Wildlife sightings 9 November 2012

Sightings  from the Discovery Centre  

Isle of May: 80 to 100 pups on the beach now and nearly impossible to count accurately! A bull has been seen on the bay and young pups in shallow water getting swimming lessons! Lots of pups are moulting and some starting to outgrow the cows.

Craigleith: more than 20 pups now!

Local sightings: eiders are being spotted on all cameras and in large numbers off North Berwick.  The peregrine is being rather elusive this week with no sightings at all.

Sightings from Maggie

Seals! No matter whether it‘s watching the web cams at home, or scanning with the cameras in the Discovery Centre there is always something to capture you. I spotted the ‘elder bush’ pup on Craigleith hiding deep in the base of the branches. You could just make out the profile of its head sniffing and exploring.

A cow, head resting on a raised rock, deep in sleep with that characteristic smiley face. Such contentment. The flip side, the morning scan for the increasing number of pups that haven’t survived the night.

News from the May that Kirk Haven is completely closed for landings. I’m sure Paul remembers his close encounter with a protective cow! Check out the Isle of May blog and you’ll see the reason why. There are some fabulous photos. Now the SMRU will be out monitoring and studying every aspect of seal breeding. Keep an eye out for tagged seals.

Posted on 1 December 2011 by SMRU
We had a nice surprise when we spotted a tagged yearling sheltering from the wind. It turned out to be one of the ones she was studying last year. The survival rate for grey seals in the first year is only about 50% so she was very happy to see him back on the island. Last time she saw him, he weighed 52kg – this time he was only 3kg heavier, but he has lost his pup fat and is now a lean bundle of muscle and an impressive 128cm long. Not bad for a yearling! 

Seal counts and ID: over the next few weeks, the Fife Seal Group will be out counting the pups and taking photos to enable identification of cows on many of the Forth islands. It’s not as easy as it sounds. We try to capture profile and head on shots, without disturbance to the breeding colony. Patience and stealth is required. We pass these on to researchers at SMRU.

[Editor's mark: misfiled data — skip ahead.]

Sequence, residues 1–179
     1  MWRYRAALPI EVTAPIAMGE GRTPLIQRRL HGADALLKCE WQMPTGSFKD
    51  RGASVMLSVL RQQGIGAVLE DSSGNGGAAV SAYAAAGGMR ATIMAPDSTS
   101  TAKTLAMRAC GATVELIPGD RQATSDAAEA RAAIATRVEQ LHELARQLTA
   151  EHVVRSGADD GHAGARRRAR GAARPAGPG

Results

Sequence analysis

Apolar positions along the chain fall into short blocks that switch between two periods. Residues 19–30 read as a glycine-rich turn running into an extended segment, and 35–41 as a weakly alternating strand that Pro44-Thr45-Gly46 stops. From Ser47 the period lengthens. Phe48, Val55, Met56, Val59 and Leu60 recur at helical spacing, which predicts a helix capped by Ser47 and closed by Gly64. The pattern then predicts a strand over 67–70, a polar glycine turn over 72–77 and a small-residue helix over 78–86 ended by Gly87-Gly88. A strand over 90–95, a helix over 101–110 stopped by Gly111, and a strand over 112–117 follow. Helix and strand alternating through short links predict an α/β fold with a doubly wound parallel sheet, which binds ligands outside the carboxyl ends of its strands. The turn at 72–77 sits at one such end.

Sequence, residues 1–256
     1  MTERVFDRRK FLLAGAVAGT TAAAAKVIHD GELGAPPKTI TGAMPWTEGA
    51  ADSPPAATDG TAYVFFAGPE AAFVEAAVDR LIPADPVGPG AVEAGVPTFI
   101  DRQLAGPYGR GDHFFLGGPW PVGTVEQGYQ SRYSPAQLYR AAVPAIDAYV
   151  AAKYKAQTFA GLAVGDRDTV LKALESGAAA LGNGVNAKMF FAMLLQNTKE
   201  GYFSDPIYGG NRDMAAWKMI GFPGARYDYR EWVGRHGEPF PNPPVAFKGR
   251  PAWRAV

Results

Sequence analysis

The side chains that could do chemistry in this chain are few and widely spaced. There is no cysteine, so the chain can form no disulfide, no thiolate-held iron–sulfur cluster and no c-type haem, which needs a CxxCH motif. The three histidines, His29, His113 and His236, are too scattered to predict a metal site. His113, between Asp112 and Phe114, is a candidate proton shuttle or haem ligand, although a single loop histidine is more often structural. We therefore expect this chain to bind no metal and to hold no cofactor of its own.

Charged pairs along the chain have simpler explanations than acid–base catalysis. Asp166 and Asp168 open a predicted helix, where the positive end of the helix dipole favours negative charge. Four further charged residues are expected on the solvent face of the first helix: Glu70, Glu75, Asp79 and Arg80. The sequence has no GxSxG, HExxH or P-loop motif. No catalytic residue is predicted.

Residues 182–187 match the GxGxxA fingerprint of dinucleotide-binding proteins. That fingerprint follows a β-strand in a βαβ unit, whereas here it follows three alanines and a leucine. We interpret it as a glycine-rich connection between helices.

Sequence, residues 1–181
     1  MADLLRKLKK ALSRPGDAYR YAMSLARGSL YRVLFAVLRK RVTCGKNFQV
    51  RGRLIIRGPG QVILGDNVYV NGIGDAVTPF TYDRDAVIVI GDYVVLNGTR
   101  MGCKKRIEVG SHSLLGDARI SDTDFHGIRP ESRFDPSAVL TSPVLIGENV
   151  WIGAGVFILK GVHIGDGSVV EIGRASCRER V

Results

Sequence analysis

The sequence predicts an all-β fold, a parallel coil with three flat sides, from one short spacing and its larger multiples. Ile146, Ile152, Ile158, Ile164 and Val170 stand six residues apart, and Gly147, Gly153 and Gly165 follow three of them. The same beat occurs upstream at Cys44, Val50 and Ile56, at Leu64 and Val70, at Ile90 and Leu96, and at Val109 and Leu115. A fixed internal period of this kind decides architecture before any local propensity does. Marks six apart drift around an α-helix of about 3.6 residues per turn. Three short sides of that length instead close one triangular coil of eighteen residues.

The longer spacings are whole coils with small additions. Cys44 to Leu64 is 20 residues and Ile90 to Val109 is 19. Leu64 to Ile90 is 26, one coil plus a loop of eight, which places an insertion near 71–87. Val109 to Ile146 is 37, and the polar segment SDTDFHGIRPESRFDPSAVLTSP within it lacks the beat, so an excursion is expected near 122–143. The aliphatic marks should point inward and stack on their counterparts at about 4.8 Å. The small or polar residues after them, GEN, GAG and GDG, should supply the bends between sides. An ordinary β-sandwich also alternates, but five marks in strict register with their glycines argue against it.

The photo-ID work at is currently restricted to females for a number of reasons. Historically, SMRUs photo-ID projects have been based on photographs of heads in the water and the computer-aided matching program uses the sleeker head shape of the females.

As males mature the change in head shape makes it more difficult to use a computer to look for matches between pelage patterns – they also get a lot of scarring on their necks from fighting and this often makes it very difficult to see any markings. So if you see James and myself on the upper slopes of Craigleith, belly crawling, cameras in hand, you’ll know what we’re up to.

Local sightings: Waxwings! These beautiful birds are being spotted from Dunbar, Gullane, Aberlady and Gosford, to Edinburgh. So keep a close eye on berry trees and listen for their call. At Aberlady, fieldfares, redwings and snow bunting on west end of the beach yesterday. For anyone that travels on the train as you head out of North Berwick, on many days you may spot the whooper swans in the fields and on the water on the right hand side. Very often they are also seen feeding in fields near Tyninghame. An unusual one with bright yellow webs has been seen. Look out for it if you’re out on a walk.

With thanks to all at Lothian Bird News.


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